Tuesday, September 13, 2011

A cautionary tale


One of the few remains, in the sea of asphalt

Charles River Park at 35 by Robert Campbell was published over fifteen years ago.  But little has changed.  I have spent a couple of frustrating afternoons attempting to find my way into the remains of the West End.  Now I know why I was unsuccessful.

The subject of the article, Boston's West End, is one of the sites upon which mid-century urban planning visited mass destruction and tragedy.  However, the article deals primarily with the aftermath: what became of the land once it had been razed to the ground.  After the bulldozers, the main antagonist is one Victor Gruen.  An Austrian immigrant and architect hired by the city to redevelop the former "slum."

Gruen decided American downtowns were being destroyed by the automobile. He argued, in such writings as "The Cellular Metropolis of Tomorrow," that the solution was to carve them up into auto-free zones. Each such zone or cell would be a pedestrian precinct, free of cars, filled with happy people on their feet. All the traffic, public and private, would circulate on arterial roads around and between the cells, without entering them. Gruen identified shopping malls, college campuses and Disneyland as good prototypes for such cells.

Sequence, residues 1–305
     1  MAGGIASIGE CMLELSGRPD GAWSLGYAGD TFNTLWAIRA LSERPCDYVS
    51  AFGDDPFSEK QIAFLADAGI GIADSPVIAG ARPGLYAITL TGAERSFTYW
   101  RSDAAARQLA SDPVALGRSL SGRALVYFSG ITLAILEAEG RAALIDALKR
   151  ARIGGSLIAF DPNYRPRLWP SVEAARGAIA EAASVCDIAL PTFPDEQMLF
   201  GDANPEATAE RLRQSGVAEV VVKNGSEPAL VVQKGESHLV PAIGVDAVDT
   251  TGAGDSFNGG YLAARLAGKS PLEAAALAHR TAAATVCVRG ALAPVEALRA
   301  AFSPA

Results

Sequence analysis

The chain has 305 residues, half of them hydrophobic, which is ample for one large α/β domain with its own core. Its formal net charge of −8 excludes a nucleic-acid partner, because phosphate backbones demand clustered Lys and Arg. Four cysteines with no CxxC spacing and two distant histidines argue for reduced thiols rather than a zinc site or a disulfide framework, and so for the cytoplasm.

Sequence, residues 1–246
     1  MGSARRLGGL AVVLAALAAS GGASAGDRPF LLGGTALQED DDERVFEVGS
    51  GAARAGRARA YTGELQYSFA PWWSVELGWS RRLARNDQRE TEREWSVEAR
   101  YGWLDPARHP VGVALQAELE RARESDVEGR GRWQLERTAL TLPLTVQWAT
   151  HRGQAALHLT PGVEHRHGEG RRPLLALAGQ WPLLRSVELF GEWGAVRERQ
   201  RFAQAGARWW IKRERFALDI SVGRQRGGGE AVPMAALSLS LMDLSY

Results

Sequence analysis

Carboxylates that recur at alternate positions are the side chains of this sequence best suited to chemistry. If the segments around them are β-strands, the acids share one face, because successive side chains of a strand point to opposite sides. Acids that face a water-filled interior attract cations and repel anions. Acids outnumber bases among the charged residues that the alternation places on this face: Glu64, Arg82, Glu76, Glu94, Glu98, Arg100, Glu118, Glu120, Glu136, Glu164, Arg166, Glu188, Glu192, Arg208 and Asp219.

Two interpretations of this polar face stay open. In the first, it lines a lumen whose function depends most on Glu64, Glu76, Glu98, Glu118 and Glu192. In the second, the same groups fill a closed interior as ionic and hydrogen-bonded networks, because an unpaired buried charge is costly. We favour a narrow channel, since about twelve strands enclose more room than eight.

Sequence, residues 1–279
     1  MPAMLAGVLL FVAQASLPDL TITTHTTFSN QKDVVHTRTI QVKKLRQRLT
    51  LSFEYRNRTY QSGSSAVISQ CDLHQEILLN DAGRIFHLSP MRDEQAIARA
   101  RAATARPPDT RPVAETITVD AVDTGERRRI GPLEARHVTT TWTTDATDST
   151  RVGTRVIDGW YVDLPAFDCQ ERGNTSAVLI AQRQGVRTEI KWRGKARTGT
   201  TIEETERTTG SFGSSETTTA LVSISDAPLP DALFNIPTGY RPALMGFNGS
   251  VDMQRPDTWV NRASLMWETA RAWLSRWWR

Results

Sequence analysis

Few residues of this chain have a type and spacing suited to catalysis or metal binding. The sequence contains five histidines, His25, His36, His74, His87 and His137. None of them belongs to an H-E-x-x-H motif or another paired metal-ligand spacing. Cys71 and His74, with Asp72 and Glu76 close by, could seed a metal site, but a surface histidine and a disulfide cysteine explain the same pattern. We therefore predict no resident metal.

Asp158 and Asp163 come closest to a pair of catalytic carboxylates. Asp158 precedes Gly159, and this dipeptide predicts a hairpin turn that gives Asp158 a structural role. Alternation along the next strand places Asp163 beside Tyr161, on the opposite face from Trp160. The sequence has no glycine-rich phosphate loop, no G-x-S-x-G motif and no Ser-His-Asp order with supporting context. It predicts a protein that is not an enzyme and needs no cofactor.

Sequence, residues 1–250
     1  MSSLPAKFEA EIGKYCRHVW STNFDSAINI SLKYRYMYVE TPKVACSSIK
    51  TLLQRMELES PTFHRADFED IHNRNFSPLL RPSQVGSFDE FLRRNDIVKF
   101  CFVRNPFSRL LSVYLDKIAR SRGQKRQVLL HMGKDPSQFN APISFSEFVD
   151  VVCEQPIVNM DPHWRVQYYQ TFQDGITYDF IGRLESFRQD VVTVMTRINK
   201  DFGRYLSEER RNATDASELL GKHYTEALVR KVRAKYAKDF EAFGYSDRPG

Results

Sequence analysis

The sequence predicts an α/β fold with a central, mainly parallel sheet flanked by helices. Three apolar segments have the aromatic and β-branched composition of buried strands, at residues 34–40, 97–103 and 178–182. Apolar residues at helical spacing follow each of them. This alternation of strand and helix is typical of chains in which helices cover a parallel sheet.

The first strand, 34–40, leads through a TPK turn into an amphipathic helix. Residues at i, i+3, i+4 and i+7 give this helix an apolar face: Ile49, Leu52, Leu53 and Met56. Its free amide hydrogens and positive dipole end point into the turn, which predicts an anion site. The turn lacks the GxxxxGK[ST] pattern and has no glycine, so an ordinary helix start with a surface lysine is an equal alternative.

Self-inflicted wound, not a bomb (source)
Noble sounding goals, yet as he retired to live out his last couple years near Vienna, he must have been bitter, broken, and largely forgotten.  Nevertheless, his legacy does live on, in shopping malls, college campuses, and Disneyland even. Enclosed worlds where pedestrians are free to roam; but surrounded by a sea of parking lots and highways. The very definition of suburban hell.  Where did he go wrong?




Perhaps he overlooked the fact that cities grow and thrive on connections? His design was about forming islands inside cities, where people would feel safe, instead of promoting interconnections between people from all over. This is the suburban mentality, and applying it to the city only resulted in a mismatched failure.

Victor's goal was to eliminate automobiles from cities.  The way he went about it resulted in terrible traffic, and even worse neighborhoods.  His life forms a cautionary tale for would-be urban planners on the dangers of idealistic visions and unintended consequences.

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